Towards a Reliable and Automated Analysis of Compromised Systems

The vast majority of research in computer security is dedicated to the design of detection, protection, and prevention solutions. While these techniques play a critical role to increase the security and privacy of our digital infrastructure, it is enough to look at the news to understand that it is not a matter of "if" a computer system will be compromised, but only a matter of "when". It is a well known fact that there is no 100% secure system, and that there is no practical way to prevent attackers with enough resources from breaking into sensitive targets. Therefore, it is extremely important to develop automated techniques to timely and precisely analyze computer security incidents and compromised systems. Unfortunately, the area of incident response received very little research attention, and it is still largely considered an art more than a science because of its lack of a proper theoretical and scientific background. The objective of BITCRUMBS is to rethink the Incident Response (IR) field from its foundations by proposing a more scientific and comprehensive approach to the analysis of compromised systems. BITCRUMBS will achieve this goal in three steps:

  1. by introducing a new systematic approach to precisely measure the effectiveness and accuracy of IR techniques and their resilience to evasion and forgery;
  2. by designing and implementing new automated techniques to cope with advanced threats and the analysis of IoT devices;
  3. by proposing a novel forensics-by-design development methodology and a set of guidelines for the design of future systems and software.
To provide the right context for these new techniques and show the impact of the project in different fields and scenarios, BITCRUMBS plans to address its objectives using real case studies borrowed from two different domains: traditional computer software, and embedded systems.

Bitcrumbs is a project funded by a European Research Council (ERC) consolidator grant.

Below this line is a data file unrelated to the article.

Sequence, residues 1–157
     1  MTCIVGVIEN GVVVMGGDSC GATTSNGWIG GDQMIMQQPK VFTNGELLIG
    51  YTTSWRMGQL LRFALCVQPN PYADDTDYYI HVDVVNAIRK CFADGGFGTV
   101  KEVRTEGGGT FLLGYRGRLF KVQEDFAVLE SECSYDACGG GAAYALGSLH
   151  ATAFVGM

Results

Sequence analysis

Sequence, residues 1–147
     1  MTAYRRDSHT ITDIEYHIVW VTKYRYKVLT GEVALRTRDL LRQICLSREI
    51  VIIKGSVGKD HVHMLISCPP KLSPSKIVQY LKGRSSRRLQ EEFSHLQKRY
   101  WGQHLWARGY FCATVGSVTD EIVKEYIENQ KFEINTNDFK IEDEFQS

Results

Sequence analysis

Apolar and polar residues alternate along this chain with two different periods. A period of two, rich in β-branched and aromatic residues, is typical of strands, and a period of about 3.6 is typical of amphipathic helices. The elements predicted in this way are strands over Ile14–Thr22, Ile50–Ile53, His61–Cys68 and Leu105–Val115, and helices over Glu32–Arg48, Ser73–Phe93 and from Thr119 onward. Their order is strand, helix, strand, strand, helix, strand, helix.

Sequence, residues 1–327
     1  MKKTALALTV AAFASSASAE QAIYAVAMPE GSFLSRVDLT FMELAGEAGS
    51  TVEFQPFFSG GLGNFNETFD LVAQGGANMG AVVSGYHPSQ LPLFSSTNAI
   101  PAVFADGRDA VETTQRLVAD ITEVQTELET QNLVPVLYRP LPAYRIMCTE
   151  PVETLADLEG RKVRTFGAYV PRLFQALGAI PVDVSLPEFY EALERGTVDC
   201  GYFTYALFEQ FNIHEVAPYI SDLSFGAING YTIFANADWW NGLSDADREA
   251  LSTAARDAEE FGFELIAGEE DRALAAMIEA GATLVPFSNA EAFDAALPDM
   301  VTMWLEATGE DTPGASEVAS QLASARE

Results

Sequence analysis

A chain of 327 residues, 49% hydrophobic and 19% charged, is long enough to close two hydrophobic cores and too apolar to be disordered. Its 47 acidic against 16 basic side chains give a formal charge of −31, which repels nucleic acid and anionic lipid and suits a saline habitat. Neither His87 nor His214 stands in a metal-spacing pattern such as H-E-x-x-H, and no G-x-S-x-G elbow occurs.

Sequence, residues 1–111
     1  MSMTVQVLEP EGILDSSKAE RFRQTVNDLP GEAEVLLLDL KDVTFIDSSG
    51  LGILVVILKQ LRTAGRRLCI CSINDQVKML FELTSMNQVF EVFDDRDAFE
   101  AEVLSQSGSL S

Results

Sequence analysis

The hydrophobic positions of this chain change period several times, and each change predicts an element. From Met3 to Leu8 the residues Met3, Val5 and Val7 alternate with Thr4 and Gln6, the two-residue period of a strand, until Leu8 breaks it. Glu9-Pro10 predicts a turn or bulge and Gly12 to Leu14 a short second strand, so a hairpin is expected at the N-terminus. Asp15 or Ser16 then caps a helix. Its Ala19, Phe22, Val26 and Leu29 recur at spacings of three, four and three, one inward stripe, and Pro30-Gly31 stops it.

The project started in mid-2018 and will run until 2023.


The Tangled Genealogy of IoT Malware
Emanuele Cozzi, Pierre-Antoine Vervier, Matteo Dell'Amico, Yun Shen, Leyla Bilge, Davide Balzarotti
Annual Computer Security Applications Conference (ACSAC) 2020
PDF Bibtex
Prevalence and Impact of Low-Entropy Packing Schemes in the Malware Ecosystem
Alessandro Mantovani, Simone Aonzo, Xabier Ugarte-Pedrero, Alessio Merlo, Davide Balzarotti
Network and Distributed System Security (NDSS) Symposium , 2020
PDF Bibtex
Artifacts: Dataset, Code
When malware is packin' heat; limits of machine learning classifiers based on static analysis features
Hojjat Aghakhani, Fabio Gritti, Francesco Mecca, Martina Lindorfer, Stefano Ortolani, Davide Balzarotti, Giovanni Vigna, Christopher Kruegel
Network and Distributed System Security (NDSS) Symposium, 2020
PDF Bibtex
Artifacts: Dataset
SoK: Cyber Insurance - Technical Challenges and a System Security Roadmap
Savino Dambra, Leyla Bilge, Davide Balzarotti
IEEE Symposium on Security & Privacy, San Francisco, CA 2020
PDF Bibtex
Back to the Whiteboard: a Principled Approach for the Assessment and Design of Memory Forensic Techniques
Fabio Pagani, Davide Balzarotti
28th USENIX Security Symposium (USENIX Security 19) , Santa Clara, CA (acceptance rate: 15.7%)
PDF Slides Bibtex
Artifacts: Code
A Close Look at a Daily Dataset of Malware Samples
Xabier Ugarte-Pedrero, Mariano Graziano, Davide Balzarotti
ACM Transactions on Privacy and Security (TOPS)
PDF Bibtex
Artifacts: not available as the experiments were performed by CISCO employees by using internal data and tools
Introducing the Temporal Dimension to Memory Forensics
Pagani, Fabio, Fedorov, Oleksii, Balzarotti, Davide
ACM Transactions on Privacy and Security (TOPS)
PDF Bibtex
Artifacts: Code, Memory Images
Understanding Linux Malware
Emanuele Cozzi, Mariano Graziano, Yanick Fratantonio, Davide Balzarotti
IEEE Symposium on Security & Privacy , San Francisco, CA (acceptance rate: 11.5%)
PDF Slides Bibtex
Artifacts: Free Service, List of Samples